RAPID/Geothermal/Water Use/Oregon

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Regulatory and Permitting Information Desktop Toolkit

Geothermal Water Use in Oregon

Regulatory Information Overviews

Search for other summaries about Geothermal regulations and permitting.


At a Glance

Jurisdiction: Oregon

Water Right Agency: Oregon Water Resources Department

Water Right Classification Prior Appropriation [1]

Geothermal Right Classification: (Mineral and water) Geothermal resources are characterized in Oregon as water if the bottom hole temperature is less than 250 degrees Fahrenheit and as a mineral if the bottom hole temperature is greater than 250 degrees Fahrenheit. Oregon claims ownership of all geothermal resources located on state land and some resources on land previously owned by the state, see ORS 273.775 to 273.790.

Is a Water Right Required to Pump Geothermal Fluids? Yes, if the bottom hole temperature is less than 250 degrees Fahrenheit.

Contacts/Agencies: Oregon Water Resources Department

State Water Use Process

In Oregon, geothermal resources, including hot brines and waters associated with the resource, are considered minerals for regulatory purposes. However, the regulatory requirements differ depending on whether the temperature of the resources is less than 250 degrees Fahrenheit. If the resource is less than 250 degrees Fahrenheit (hereafter “low-temp”), ORS 537 governs the project and requires a Permit to Appropriate from the Oregon Water Resources Department (OWRD) unless the 5,000gal/day industrial/commercial use exception applies. If the resource is 250 degrees or greater, ORS 537.090 exempts the associated water from appropriation provisions of Oregon water law and the development is only subject to the provisions of ORS 522.

Oregon defines geothermal resources as: “the natural heat of the earth, the energy, in whatever form, below the surface of the earth present in, resulting from, or created by, or that may be extracted from, the natural heat, and all minerals in solution or other products obtained from naturally heated fluids, brines, associated gases, and steam, in whatever form, found below the surface of the earth, exclusive of helium or of oil, hydrocarbon gas or other hydrocarbon substances, but including, specifically:

  • All products of geothermal processes, including indigenous steam, hot water and hot brines;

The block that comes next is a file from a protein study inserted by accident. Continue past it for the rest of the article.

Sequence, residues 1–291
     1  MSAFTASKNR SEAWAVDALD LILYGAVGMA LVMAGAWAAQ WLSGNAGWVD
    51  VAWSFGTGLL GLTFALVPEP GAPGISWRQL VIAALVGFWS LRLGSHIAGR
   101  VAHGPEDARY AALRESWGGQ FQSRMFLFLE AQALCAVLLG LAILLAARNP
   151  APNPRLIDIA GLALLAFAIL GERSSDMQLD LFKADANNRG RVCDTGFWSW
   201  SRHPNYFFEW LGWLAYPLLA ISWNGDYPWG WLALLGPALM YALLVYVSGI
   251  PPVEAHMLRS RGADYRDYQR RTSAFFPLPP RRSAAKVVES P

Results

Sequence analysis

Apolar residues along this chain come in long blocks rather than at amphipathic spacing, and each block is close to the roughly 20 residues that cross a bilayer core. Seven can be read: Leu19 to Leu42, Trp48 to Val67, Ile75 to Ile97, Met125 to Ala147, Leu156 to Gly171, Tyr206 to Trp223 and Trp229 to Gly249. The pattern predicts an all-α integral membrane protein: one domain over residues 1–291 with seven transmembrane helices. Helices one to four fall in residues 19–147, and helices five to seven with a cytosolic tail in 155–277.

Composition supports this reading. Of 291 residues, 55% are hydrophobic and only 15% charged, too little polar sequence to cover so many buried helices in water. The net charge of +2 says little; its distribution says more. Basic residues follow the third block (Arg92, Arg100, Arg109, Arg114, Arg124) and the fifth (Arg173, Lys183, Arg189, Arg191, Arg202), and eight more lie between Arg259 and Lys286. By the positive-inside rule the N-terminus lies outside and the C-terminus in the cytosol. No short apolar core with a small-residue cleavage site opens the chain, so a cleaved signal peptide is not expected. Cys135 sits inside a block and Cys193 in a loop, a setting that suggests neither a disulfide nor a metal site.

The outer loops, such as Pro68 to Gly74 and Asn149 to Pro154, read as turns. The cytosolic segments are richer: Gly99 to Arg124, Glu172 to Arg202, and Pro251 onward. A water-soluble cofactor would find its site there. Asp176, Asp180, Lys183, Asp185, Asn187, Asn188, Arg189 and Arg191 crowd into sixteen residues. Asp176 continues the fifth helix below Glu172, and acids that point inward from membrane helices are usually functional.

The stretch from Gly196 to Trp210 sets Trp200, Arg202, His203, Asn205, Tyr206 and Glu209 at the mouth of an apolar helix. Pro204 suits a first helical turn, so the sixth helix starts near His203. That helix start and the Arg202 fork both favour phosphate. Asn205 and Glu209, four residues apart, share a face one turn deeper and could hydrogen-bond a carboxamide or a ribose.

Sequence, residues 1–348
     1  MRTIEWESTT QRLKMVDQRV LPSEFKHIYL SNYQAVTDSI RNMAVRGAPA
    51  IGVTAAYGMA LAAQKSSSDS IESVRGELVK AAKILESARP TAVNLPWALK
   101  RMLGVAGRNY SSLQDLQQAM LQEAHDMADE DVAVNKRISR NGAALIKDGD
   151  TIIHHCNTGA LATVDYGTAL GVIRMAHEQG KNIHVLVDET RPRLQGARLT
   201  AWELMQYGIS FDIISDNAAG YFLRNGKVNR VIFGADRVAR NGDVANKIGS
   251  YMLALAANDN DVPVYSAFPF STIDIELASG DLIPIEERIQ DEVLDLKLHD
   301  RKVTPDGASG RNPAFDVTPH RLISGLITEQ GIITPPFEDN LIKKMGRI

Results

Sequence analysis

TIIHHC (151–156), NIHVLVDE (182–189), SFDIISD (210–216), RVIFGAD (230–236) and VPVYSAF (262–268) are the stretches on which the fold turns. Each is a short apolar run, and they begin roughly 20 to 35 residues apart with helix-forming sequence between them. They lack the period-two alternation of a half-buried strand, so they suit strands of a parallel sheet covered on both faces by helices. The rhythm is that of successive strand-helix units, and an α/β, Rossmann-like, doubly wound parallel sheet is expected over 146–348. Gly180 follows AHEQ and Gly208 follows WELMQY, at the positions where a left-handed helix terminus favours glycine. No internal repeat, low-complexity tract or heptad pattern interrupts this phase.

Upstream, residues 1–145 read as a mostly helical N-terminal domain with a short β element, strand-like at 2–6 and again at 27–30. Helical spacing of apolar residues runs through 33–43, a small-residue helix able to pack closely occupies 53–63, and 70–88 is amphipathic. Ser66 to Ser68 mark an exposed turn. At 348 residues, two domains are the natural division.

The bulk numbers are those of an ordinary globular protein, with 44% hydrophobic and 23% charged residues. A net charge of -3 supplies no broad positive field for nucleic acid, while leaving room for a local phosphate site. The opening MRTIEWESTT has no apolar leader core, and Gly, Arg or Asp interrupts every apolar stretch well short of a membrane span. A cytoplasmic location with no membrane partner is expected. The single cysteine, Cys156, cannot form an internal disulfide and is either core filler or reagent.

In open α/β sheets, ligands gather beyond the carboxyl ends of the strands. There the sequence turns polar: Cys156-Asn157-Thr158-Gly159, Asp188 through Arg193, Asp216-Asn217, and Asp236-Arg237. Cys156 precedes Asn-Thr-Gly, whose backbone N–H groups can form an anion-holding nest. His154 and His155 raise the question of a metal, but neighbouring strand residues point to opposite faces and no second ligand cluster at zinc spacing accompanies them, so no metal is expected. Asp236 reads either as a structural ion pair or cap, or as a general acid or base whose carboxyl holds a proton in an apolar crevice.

• Steam and other gases, hot water and hot brines resulting from water, gas, or other fluids artificially introduced into geothermal formations;
  • Heat or other associated energy found in geothermal formations; and
  • Any by-product derived from them.”

ORS 522.005.

Under Oregon water law, “Geothermal fluid” is defined as: “any ground water used for its thermal characteristics that is encountered in a well with a bottom hole temperature of less than 250 degrees Fahrenheit or any other fluid that is circulated within a well with a bottom hole temperature of less than 250 degrees Fahrenheit and used for its acquired thermal characteristics.” ORS 537.515(4).

Developers attempting to develop “low-temp” geothermal resources must abide by ORS 537.545, unless the development qualifies under an exception for industrial or commercial use in an amount not exceeding 5,000 gallons/day. OAR 690-230-0130. If the exception applies, a Permit to Appropriate is not required. Where the geothermal facility requires the use of water for ancillary purposes involved in geothermal development projects (cooling water, dust suppression, etc.), developers will likely need to obtain water through a surface water use permit, unless the aforementioned exception in OAR 690-230-0130 applies.

Permit to Appropriate Water

If appropriation is necessary, the developer must submit a Water Right Application Form to the OWRD. The OWRD will issue a draft order on the permit, allow for public comment and may hold a hearing. Subsequently, the OWRD will issue a final order approving or denying the water right permit, based on water policy formulated under ORS 537.505 to ORS 537.534. The developer must complete works in order to appropriate the water and put it to beneficial use. The OWRD will issue a certificate of water right for the amount shown to be put to beneficial use.

Local Water Use Process

not available

Policies & Regulations

"Water Use" is not in the list of possible values (Land Use, Land Access, Exploration, Well Field, General Construction, Power Plant, Environment, On Site Evaluation, Cultural Resources, Water Quality, Air Quality, Geological Resources, Aesthetic Resources, Waste & Hazardous Material, Water Access, Site Considerations, Transmission Siting & Interconnection, Plant Decommissioning, Biological Resources, Land Use Assessment) for this property.


  1. Oregon ORS 537 Appropriation of Water Generally (2013).

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